Wrote a pair of texture atlas modules. AtlasB uses a binary tree packing algorithm to fit rectangles into square layouts. AtlasQ uses a quadtree to place and remove sub-textures with power-of-two dimensions within a larger texture. AtlasB is intended to create texture atlases offline (or on-demand) which are then fed to AtlasQ at run time.
Revised ProdUI’s skinning system:
Previously, the skinning apparatus itself was separate from widgets and the UI core. You could theoretically replace all skinning code without touching other parts of the codebase. In practice, this falls apart with widgets that are more graphically complex. The low-level skinning implementations — skinners — are now part of the widget definitions, not part of the skinning instance (which should be as close to 100% data as possible).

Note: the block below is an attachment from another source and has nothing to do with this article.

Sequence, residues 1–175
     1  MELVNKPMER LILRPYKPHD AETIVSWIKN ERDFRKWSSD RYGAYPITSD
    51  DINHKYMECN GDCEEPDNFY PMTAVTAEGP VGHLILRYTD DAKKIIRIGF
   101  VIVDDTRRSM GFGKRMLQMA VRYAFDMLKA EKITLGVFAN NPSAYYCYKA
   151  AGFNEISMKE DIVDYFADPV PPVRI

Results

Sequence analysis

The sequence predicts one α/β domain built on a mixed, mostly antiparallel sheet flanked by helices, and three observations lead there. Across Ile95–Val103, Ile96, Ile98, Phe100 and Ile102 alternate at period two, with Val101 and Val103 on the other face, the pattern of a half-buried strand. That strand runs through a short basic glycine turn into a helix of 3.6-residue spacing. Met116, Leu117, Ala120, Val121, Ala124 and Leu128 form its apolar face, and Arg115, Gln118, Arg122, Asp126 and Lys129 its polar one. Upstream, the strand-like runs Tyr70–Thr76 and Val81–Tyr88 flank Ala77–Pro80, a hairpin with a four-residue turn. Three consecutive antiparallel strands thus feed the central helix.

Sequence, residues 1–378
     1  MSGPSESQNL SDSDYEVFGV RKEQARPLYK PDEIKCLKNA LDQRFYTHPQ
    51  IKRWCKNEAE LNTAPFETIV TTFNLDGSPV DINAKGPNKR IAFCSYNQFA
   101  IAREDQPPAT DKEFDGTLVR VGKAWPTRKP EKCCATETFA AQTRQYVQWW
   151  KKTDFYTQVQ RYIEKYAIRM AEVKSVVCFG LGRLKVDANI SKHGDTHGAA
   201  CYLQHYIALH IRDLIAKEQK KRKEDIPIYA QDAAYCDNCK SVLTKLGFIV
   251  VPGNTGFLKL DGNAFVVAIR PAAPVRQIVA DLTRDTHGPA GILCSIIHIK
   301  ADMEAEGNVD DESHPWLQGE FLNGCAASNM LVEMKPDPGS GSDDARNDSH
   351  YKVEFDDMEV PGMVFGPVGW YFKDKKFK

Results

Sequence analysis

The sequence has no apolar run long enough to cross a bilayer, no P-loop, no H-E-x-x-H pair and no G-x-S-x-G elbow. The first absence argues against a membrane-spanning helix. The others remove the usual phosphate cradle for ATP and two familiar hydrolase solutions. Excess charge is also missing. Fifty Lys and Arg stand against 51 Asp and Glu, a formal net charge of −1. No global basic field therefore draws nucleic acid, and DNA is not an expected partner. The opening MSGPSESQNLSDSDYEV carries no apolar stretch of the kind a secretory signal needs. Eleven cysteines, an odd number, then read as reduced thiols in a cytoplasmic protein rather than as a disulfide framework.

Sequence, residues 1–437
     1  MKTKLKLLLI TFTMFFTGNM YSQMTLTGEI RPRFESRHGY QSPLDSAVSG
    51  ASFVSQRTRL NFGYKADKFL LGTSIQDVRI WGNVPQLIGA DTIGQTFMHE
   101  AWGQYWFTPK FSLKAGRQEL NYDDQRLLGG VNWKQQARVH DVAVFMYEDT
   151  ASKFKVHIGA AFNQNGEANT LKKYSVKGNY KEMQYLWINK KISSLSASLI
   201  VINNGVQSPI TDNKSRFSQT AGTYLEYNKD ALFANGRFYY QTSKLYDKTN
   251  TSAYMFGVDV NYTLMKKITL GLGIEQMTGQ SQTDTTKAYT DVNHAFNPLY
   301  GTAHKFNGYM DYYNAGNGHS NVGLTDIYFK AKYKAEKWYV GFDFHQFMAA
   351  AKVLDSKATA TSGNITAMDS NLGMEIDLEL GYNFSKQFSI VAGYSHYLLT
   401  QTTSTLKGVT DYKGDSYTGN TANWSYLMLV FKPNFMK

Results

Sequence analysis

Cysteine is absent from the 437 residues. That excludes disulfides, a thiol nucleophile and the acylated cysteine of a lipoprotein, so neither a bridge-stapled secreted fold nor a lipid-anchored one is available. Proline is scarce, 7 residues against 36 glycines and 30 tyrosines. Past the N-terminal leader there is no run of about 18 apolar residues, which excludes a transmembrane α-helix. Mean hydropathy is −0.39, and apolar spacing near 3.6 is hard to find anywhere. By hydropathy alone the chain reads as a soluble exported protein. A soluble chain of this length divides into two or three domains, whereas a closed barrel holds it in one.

In the default skinning system, all widget render functions used love.graphics shapes and (ignoring fonts) no textures. This allowed for easy scaling of visual elements without introducing artifacts. However, the basic shape functions incur more overhead when drawing complex forms out of polygons and polylines (which, for every call, have to be passed through the Lua C stack as numbers and turned into a temporary mesh). It finally became a performance issue when I implemented some small icons using those functions. (Yep, dumb idea.) I redrew most of the skinning system’s art as SVG files, and wrote a command line tool to assemble it as a scaled spritesheet. I’m currently using Inkscape for both drawing and exporting (to PNG).
Burned some time trying to make a vector graphics format for ProdUI. I was able to render some test graphics to a canvas, but I couldn’t get from there to full integration with the skinning system, let alone decide on a file format. Integration of a subset of SVG (maybe lovector) is also an option.